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American woodcock by Larry Master

Coxing Woodcock

—for Joan and Peter Wood 

Mid-March in the Clove, between the Backslabs and Lost City,
shadow spreads across the Coxing, creeping along the marsh,
round the mounds of tuft. Having played for a day,
water returns to dream as ice.

Bzeep…bzeep…bzeep…too soon for bugs, then this lump of leaves
skeets whistling past backlit in yellow above the trees.
The valley’s imagination, at last, is up; desire’s tremolo begins
to finger Spring from the piccolo bill of the homely woodcock.

A sandpiper on dachshund legs, eyes like black roe
hatch where his ears ought to be, to periscope bob for bobcat
as lips plumb mud until he wrings and sucks
the coiling worm still, taking its dervish death

airborn. Zigzags back and away spiraling up
through melon and rose and cobalt ellipses
(lekking drab, he must dandy the sunset), becoming speck,
dissolves to nothing but solo notes, dissolves to nothing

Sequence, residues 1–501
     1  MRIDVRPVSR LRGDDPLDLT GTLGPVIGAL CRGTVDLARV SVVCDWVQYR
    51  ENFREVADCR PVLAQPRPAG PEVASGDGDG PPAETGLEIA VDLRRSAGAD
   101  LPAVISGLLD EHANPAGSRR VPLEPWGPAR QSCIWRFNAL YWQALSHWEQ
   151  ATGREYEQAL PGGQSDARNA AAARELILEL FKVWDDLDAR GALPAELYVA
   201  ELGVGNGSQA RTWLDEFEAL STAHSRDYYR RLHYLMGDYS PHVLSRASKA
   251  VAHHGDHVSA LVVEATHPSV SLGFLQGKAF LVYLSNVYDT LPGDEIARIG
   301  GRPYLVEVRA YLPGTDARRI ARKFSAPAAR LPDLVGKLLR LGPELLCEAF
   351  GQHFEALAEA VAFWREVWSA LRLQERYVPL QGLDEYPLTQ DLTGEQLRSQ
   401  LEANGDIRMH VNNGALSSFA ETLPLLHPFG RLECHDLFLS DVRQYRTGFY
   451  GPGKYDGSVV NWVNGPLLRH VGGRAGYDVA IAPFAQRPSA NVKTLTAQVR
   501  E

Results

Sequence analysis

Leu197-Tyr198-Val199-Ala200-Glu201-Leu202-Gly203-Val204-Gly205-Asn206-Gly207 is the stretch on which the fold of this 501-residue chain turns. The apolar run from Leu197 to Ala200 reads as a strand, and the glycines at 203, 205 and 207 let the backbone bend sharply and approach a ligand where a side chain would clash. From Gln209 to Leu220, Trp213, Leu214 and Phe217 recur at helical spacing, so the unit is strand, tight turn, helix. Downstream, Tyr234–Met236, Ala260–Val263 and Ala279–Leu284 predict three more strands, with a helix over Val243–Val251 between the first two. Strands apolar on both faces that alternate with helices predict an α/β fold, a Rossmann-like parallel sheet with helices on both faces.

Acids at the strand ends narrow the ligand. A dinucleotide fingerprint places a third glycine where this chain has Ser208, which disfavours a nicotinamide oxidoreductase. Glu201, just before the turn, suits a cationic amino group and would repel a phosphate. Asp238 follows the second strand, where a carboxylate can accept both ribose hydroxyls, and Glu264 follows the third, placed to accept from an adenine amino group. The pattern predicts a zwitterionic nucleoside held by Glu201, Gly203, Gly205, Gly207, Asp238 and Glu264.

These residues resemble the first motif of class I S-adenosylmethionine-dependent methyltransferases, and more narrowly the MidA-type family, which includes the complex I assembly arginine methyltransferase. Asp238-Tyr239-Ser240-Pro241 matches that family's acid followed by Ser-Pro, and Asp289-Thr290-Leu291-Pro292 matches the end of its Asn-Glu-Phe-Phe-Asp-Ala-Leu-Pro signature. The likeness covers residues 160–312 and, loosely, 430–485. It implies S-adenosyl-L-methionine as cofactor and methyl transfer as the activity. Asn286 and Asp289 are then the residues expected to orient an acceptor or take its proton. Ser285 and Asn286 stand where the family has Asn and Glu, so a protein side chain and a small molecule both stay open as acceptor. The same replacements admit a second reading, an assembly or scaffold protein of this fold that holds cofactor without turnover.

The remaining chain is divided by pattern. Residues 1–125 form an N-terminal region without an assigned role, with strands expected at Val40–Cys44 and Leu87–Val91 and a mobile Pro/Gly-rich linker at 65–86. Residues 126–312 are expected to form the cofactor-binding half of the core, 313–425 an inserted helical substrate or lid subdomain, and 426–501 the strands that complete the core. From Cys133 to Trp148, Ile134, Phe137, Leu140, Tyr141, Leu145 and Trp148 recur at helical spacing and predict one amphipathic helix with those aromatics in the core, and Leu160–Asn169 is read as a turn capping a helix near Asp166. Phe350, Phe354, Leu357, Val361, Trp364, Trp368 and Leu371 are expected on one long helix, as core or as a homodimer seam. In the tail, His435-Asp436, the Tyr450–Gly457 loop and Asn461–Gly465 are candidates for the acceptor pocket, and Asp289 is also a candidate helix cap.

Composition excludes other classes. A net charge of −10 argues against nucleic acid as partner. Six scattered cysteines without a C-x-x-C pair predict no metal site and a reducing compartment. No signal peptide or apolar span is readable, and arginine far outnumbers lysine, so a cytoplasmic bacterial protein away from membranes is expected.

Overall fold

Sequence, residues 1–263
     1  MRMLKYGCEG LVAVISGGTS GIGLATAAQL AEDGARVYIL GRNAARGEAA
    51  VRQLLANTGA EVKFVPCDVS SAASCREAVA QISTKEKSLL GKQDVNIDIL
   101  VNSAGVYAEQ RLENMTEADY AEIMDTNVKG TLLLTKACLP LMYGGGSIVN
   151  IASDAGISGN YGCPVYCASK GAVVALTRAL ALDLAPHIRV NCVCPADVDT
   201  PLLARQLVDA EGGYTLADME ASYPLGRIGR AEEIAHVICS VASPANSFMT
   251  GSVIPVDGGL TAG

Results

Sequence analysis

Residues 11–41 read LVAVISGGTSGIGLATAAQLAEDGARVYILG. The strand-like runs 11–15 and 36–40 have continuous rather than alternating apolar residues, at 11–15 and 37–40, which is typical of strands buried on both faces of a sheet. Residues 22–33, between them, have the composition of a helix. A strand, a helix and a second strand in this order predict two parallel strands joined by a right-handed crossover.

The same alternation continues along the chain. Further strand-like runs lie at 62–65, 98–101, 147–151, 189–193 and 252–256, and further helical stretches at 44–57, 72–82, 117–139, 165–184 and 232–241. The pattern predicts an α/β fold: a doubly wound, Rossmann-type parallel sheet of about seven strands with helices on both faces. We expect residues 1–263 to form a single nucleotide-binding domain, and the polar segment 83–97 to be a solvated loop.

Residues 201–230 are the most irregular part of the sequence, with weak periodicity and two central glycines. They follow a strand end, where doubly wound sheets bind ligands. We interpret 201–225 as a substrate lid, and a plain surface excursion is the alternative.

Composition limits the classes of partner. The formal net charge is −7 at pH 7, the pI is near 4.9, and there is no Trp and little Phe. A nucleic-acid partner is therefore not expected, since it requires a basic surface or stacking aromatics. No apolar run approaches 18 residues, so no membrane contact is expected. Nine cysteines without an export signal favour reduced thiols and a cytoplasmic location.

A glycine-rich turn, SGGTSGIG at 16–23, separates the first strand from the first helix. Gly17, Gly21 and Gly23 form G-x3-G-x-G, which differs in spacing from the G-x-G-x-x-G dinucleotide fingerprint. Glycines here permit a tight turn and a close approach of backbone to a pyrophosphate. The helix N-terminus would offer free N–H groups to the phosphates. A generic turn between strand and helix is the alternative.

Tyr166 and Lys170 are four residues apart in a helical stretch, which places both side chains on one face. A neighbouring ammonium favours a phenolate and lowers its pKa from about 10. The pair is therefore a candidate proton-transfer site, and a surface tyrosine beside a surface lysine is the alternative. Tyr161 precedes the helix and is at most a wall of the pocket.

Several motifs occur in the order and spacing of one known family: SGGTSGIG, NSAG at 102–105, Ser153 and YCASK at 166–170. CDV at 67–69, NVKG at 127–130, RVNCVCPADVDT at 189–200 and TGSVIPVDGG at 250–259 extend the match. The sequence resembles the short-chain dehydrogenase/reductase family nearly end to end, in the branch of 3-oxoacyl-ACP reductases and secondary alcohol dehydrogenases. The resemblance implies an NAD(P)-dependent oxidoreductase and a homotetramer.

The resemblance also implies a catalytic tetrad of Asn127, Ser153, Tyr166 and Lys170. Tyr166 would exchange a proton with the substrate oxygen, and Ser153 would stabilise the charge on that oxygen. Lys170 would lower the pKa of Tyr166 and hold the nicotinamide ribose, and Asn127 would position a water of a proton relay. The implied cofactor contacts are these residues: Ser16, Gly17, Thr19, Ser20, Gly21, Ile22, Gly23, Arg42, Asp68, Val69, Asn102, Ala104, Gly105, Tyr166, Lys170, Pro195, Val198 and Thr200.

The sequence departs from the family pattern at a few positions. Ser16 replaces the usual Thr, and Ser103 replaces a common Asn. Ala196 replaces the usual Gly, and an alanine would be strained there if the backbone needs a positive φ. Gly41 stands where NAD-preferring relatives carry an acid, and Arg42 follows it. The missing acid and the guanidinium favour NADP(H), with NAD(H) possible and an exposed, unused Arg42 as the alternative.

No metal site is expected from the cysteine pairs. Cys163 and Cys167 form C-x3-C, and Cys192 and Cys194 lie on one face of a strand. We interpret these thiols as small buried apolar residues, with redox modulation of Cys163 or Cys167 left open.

into the purple height of silence;
having astonished, Eros vanishes.

Drawn from thorn and muck
the Soul stirs, in grass and twig, in rock and lobe,
tip-toe listening, waiting, waiting. At Winter’s end
Beauty has pronounced her last sentence.

First starlight, from the cold dome comes
the oblong missile smashing off the anvil air
here, and here, then everywhere arc
warble-twitter-trills spraying calliope down

from rim to rim in the pitch of sweet relief.
Halts, melds his bits with the last light
above the thickets, returns dumb as a drop of blood
thumped in the mit of the heart, returns

as the broken god to giggling, to the smitten.
Too late for bobcat, no pounce will jolt those clouded eyes.

I will leave him here among the rushes, beside the melted Coxing,
for the woken bugs to pluck and tuck his arabesque
into the guts of love breaking from the Clove,
breaking already in echo.

In coloratura amid the din of browns, crocus,
and hanging in the clang of yellow-belled forsythia:
echo of woodcock beginning
what has begun.

—Christopher Spatz

This poem was published 20 years ago in a short-lived digital Hudson Valley literary journal called Half Moon Review. I thought it was time perhaps for a reprise.

Featured Image: American woodcock by Larry Master, masterimages.org

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